Wednesday, October 25, 2017

Stand Your Ground

Forty-five years ago when I decided to announce to the family that I wanted to be an appraiser, my father-in-law, a crusty ole farmer from northern Indiana, said the appraisal business was nothing more than a scam.  “I just bought my neighbor’s farm” he said.  “He and I agreed $1,000 an acre was fair.  Why should I pay some appraiser to tell me it is only worth $900 an acre?”  A good question.

My answer then is close to what I would say today.  My job as an appraiser is to help the lender understand what the typical buyer would pay for the site if, heaven forbid, the borrower never makes that first payment.  The lender doesn’t care what the borrower paid, or what it cost to replicate, or what conditions were included in the transaction – they just want to be assured that if they get the property back, they can sell it for enough to pay back the debt.

Actually, the question is just as pertinent today as it was then – except the typical scenario is the property has been listed for $150,000, there is a full price offer, a bidding war erupts, and before the dust settles, there is an accepted offer of $165,000.   A detailed comp search shows there has never been a sale in the neighborhood of over $145,000 and the best, most recent, most proximate comparable sale is the house next door that just sold for $140,000 - $25,000 less than the accepted offer.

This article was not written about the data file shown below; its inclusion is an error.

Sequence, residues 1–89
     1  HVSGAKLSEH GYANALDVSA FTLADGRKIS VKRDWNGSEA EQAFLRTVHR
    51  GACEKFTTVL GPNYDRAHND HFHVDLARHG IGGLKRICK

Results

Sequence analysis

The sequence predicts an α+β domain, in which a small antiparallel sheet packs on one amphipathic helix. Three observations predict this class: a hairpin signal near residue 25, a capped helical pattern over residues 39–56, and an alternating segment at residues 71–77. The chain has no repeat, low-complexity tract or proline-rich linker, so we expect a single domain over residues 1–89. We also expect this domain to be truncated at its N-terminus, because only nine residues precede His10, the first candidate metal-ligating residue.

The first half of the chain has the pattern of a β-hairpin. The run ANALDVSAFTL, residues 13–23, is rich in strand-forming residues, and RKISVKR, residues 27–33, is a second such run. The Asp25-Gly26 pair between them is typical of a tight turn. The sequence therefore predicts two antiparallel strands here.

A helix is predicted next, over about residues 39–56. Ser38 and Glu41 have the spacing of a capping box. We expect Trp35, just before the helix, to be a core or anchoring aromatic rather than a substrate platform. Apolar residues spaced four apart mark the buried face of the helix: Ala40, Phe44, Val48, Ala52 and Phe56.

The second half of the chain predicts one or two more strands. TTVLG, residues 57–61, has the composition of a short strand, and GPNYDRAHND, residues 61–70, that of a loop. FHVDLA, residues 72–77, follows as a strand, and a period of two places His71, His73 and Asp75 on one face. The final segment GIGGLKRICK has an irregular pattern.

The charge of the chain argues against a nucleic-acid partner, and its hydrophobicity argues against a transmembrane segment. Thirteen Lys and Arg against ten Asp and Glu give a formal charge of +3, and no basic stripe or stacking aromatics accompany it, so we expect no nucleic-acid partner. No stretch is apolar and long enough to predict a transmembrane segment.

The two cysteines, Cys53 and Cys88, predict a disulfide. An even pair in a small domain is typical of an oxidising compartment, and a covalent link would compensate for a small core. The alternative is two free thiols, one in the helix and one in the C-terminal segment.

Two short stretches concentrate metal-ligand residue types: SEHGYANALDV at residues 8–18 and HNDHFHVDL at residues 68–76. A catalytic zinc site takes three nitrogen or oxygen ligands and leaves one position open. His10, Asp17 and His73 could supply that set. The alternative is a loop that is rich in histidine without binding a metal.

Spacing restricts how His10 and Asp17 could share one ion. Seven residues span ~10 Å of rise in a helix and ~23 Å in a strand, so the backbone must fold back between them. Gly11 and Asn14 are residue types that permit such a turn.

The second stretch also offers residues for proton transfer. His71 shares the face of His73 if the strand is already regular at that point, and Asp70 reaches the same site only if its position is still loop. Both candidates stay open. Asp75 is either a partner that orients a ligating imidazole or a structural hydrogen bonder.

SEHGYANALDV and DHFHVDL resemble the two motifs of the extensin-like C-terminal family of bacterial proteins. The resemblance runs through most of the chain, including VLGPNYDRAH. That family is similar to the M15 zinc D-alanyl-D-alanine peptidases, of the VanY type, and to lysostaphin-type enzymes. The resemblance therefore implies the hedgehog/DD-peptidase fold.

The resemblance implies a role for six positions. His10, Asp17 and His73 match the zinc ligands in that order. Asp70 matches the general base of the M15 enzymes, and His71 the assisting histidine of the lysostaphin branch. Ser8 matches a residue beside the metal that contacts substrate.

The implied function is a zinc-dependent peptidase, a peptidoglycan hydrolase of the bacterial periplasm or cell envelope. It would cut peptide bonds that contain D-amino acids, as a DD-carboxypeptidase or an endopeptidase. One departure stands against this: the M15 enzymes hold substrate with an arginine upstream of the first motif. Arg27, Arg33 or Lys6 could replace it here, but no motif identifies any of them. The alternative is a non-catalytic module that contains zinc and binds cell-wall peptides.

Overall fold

A quick call to both brokers involved indicate that, yeah, this is a bit unusual, but hey, there are plenty of supporting sales outside of the neighborhood that have closed over the last several years.  Surely, if you look hard enough you’ll be able to make this work. 

No. It is not our job to help make anything “work”.

The answer, again, is that we appraisers are looking for sales that support what the value should be – not what the price was. We are bound to find the “the most probable price that a property should bring in a competitive and open market under all conditions requisite to a fair sale, the buyer and seller, each acting prudently, knowledgeably and assuming the price is not affected by undue stimulus.” 

Bidding the final price up to something like 15% to 20% more than the list price is not typical and, in all likelihood, represents some undue stimulus. Hot seller markets push prices but not necessarily values.   Stand your ground.  Appraising within the basic principles not only protects us, it protects our clients.

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